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In the dimmed light of the movie theatre, patrons have sat entranced for over half a century watching a modern knight give battle in more than 150 Good versus Evil situations.

Whether it was a Western, war film or another scenario, he was the essence of the classic, self-reliant, individualistic hero, but it was the Westerns where he achieved his greatest glory.

He was, of course, the great film star John Wayne.

Critics have called The Searchers the ultimate Western, perhaps the best ever made and the high point of Wayne's acting career. Some of his early films could be called second-rate Westerns but he also left a legacy of classic cinema such as Stagecoach, The Quiet Man, The Alamo, Sands of Iwo Jima and True Grit for which he received his Oscar.

His colleagues had enormous respect for his talents and he touched the emotions of his audience to an unbelievable degree where they were actually 'with him' on the screen.

Often neglected and even panned by movie critics as being only a Western actor, they failed to recognise the depth of Wayne's acting in becoming the character he portrayed and the public, ignoring the critics, idolised the Duke and his films. Not a Method actor, he simply became the character we saw, a true test of acting ability.

From a young Ringo Kid in Stagecoach, an avenging Ethan Edwards in The Searchers, a mature rancher in Red River to an ageing, dying gunfighter in The Shootist, Wayne integrated into his characters so completely that audiences forgot he was playing a role.

Physically, John Wayne was a big man, standing 1.95m (6ft 4ins) tall, about 100 kg with long arms, large hands and a graceful stride. He was also an articulate and thoughtful man with strong political beliefs and a simple code involving both country and professionalism.

John-Wayne-RidingHe was born Marion Robert Morrison on 26 May 1907 in the small town of Winterset, Iowa. Parents Clyde and Mary were a hard working, honest and highly religious couple. Clyde was an easygoing man with few business skills while Mary was an aggressive lass which resulted in frequent arguments, a memory which apparently haunted Wayne all of his life.

At school, the nickname 'Duke' emerged from the family dog by that name and he carried it throughout his life. While a college student, he landed a job at the Fox movie studio as a general prop man which led to full time employment and a minor role in a film directed by John Ford.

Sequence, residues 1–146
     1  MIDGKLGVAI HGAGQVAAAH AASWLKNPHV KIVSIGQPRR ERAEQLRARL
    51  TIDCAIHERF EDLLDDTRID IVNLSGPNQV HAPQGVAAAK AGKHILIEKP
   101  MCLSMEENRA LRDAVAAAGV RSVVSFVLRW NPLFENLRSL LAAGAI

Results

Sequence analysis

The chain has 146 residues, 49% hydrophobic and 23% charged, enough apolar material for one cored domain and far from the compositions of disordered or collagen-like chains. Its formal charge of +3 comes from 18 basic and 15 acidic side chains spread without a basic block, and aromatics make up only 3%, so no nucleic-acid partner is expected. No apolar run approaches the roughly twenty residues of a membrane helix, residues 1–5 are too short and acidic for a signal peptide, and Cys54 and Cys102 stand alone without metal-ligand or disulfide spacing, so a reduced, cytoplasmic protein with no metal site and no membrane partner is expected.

In 1938, Ford offered Wayne the plum role of Ringo in Stagecoach, the film that made him a star.

In mid-1964, a medical examination found traces of lung cancer, he had heart surgery in early 1978 and in January 1979 he underwent extensive stomach surgery for renewed cancerous growth. He died on 11 June 1979 at the age of 72.

A measure of his stamina was that he managed to attend the Academy Awards presentation in April 1979 to present the Best Picture award and received a thunderous emotional standing ovation when he appeared on stage. On 26 May, President Carter authorised the minting of a special medal for the Duke, simply stamped: 'John Wayne, American'. Only a few individuals have been honoured by Congress since the first was struck for George Washington.

John Wayne was a mason, a member of the Glendale Demolay Chapter during his high school days. He joined the Craft in July 1970 and although the long and uncertain hours in travel and movie commitments made lodge participation difficult, he still took his membership seriously.

In early 1979 in an interview with TV personality Barbara Walters, which was destined to be his last, when asked about a philosophy that summed up his thinking, he said: 'Listen, I spoke to the man up there on many occasions and I have what I've always had, deep faith that there is a Supreme Being. There has to be, that's just a normal thing to have that kind of faith.'

Article extracted from Freemason magazine, Spring 2012, pages 20-21.

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